Changing views of youth in the Arab world
FOR OFFICIAL USE ONLY (This is the first article of a series on change in the Arab world) There seems to be a consensus among foreign policy commentators and experts following the region that the Middle East is no place for optimists. However, a recent survey of Arab youth finds that the region’s largest demographic ...
FOR OFFICIAL USE ONLY
(This is the first article of a series on change in the Arab world)
There seems to be a consensus among foreign policy commentators and experts following the region that the Middle East is no place for optimists. However, a recent survey of Arab youth finds that the region’s largest demographic segment (where 200 million Arabs are under 25 years of age) are in fact optimistic about the future.
Last week, ASDA’A Burson-Marsteller, the regional public relations firm based in Dubai, announced the findings of the Arab Youth Survey 2010. The survey, which has been described as the "largest ever study of its kind of the region’s largest demographic", included 2,000 face-to-face interviews with Arab nationals and Arab expatriates between the ages of 18-24 in the six Gulf Cooperation Council nations, as well as in Egypt, Lebanon and Jordan. The study asked respondents a wide range of questions covering topics such as politics and economics, globalization and religion, among many others.
The survey’s findings provide some distinctive glimpses into the thinking of the youth of the region, their aspirations and their concerns. One of the key findings, which runs contrary to the misconceptions about the region’s youth, is the high level of optimism among them, where two-thirds surveyed believed that their countries are moving in the right direction. That trend was most evident in GCC countries, especially Saudi Arabia, where 98 percent of those surveyed believe that things in their country are moving in the right direction given the development over the last five years. The overall high level of optimism among Arab youth is even more surprising considering that "the rising cost of living, shortage of affordable housing, and unemployment are the top three worries for Arab youth." Admittedly, these high levels were not unanimous. In Egypt and Lebanon, for example, only 26 percent and 22 percent respectively of those surveyed believe that their country is going in the right direction. Yet this lack of optimism in the country’s direction could be attributed to specific political realities: the stalled pace of reform in the case of Egypt, and the year’s events that crippled political life in Lebanon before and after the parliamentary elections in June 2009.
Another surprising finding was that Arab youth prioritize living in a democratic country over everything else. 99 percent of those interviewed in the survey in Kuwait revealed that living in a democracy was either "very important" or "somewhat important", while Egypt followed with the second highest at 98 percent and the UAE was third at 96 percent.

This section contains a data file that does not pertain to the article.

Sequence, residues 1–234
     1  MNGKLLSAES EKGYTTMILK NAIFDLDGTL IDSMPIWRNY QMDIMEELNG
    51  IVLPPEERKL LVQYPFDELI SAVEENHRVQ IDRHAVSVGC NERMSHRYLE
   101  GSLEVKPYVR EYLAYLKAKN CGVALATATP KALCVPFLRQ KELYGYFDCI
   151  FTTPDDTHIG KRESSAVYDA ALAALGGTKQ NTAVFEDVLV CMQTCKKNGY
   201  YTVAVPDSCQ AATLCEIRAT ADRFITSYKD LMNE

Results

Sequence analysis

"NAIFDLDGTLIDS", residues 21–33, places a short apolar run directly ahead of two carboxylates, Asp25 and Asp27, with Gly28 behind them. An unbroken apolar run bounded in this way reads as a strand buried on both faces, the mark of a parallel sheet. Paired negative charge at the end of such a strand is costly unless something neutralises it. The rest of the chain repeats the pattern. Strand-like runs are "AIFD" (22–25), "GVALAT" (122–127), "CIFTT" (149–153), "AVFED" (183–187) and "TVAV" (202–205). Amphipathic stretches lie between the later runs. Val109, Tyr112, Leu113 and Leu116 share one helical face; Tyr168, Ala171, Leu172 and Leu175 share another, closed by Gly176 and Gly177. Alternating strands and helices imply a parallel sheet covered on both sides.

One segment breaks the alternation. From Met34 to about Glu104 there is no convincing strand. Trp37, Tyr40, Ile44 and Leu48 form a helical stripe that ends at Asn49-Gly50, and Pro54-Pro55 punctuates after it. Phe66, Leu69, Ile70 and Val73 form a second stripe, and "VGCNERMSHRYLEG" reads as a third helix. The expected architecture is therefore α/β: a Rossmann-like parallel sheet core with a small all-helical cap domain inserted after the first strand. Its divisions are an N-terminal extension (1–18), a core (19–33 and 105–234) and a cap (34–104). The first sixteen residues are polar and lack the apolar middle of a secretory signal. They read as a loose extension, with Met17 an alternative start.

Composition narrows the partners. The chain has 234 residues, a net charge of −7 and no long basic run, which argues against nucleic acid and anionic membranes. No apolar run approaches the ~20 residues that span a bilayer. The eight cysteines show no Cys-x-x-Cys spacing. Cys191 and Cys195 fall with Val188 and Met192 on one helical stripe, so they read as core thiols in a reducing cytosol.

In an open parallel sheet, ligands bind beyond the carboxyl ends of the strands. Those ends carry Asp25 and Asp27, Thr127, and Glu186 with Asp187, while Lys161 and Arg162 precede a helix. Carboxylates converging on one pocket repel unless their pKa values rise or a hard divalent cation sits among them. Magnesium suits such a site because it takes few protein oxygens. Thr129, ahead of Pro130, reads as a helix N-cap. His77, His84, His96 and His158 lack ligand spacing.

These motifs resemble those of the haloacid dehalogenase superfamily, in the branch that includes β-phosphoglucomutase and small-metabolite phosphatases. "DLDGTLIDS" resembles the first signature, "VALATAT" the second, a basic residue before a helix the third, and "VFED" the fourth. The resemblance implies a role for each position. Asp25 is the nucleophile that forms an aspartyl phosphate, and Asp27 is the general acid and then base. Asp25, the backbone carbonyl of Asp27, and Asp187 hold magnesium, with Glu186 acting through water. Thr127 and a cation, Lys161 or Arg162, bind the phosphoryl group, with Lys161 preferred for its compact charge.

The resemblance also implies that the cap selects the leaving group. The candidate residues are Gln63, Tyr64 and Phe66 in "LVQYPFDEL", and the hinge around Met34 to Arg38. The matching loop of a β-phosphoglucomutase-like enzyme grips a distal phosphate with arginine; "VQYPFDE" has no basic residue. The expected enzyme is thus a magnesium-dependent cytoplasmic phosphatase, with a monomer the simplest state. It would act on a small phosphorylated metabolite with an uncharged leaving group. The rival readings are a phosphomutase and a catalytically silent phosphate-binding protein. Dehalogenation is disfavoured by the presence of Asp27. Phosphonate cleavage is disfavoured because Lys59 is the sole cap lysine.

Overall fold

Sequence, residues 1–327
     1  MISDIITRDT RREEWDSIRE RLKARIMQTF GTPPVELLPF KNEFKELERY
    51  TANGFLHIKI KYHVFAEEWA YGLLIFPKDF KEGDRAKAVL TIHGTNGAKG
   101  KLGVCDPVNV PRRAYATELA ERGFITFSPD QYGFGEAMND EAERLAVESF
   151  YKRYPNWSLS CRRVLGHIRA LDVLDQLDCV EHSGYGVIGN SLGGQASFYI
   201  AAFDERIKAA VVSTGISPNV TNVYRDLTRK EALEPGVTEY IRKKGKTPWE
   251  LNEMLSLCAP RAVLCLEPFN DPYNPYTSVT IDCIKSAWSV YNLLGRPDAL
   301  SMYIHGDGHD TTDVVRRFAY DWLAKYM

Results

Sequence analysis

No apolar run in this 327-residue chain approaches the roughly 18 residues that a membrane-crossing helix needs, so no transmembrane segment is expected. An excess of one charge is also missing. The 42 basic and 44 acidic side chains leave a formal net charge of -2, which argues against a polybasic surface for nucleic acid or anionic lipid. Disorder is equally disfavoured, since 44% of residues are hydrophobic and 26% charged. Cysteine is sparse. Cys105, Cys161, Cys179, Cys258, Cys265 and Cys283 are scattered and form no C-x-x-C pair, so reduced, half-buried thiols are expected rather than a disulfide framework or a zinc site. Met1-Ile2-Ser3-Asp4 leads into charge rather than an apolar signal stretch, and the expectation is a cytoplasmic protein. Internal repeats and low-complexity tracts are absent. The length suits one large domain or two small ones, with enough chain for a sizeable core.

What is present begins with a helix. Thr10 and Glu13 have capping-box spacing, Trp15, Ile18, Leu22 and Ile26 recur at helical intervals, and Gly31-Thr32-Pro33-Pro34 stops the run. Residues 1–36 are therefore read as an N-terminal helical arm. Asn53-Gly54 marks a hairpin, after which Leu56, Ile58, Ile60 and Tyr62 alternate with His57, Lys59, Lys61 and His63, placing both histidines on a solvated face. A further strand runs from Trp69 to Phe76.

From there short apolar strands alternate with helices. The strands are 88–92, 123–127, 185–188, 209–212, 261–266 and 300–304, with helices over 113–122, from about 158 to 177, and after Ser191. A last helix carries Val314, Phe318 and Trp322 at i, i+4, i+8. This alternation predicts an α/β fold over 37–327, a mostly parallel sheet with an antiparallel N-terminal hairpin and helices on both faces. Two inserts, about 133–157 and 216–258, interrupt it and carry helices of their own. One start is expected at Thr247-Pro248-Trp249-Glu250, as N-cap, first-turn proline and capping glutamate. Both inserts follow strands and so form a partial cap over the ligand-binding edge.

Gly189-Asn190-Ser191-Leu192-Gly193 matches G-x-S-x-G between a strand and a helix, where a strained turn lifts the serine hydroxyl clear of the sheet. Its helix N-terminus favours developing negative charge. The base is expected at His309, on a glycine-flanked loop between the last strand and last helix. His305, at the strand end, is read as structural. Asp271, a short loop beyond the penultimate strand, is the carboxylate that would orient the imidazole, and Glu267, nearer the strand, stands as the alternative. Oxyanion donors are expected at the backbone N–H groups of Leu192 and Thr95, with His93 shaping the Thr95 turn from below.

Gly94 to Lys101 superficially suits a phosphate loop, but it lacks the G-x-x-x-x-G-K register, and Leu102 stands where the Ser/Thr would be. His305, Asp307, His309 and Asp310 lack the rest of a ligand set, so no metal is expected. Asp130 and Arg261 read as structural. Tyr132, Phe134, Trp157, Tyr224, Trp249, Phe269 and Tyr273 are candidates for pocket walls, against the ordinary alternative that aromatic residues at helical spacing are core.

The findings provided another remarkable result where seven out of ten interviewed stated that the notion of global citizenship was "very" or "somewhat" important to them. This belief by a majority of the Arab youth surveyed, that they are part of the global system as fully engaged global citizens, contradicts "the common Western misperception of Arab youth as conservative and inward-looking". It further goes a long way to debunking the stereotype, held in decision-making circles in Washington and other European capitals, that sees Arab youth as extremists or only concerned with their own countries.
The survey’s findings in other areas were less surprising and confirmed existing conceptions. For instance, it showed that religion is highly important to Arab youth, as around two-thirds of those interviewed said that religion defines them as a person, and another 62 percent choose religion as an influence on them and their outlook on life.
Another expected finding of the survey was that Arab youth generally admire political, religious and business leaders. When asked who they looked up to, 31 percent of those interviewed named religious leaders and 30 percent cited government leaders. This was in direct contrast to the answers by their peers in Western countries who cited 9 percent for religious leaders and just 5 percent for government leaders.
Despite the fact that survey findings could be interpreted in many ways along many different trend lines, the overall results still come as a breath of fresh air and provide valuable insight to policymakers in the region and in Washington in particular. The poll is indicative that the youth of the region will be the main driver for change in the future. A great majority of them are coming out and daring to dream of a better future for what Samir Kassir has called "the most wretched people in the world today."
Ashraf Zeitoon is a Public Affairs expert currently residing in Dubai. He served previously in senior positions in the Government of Jordan and Government of Dubai.
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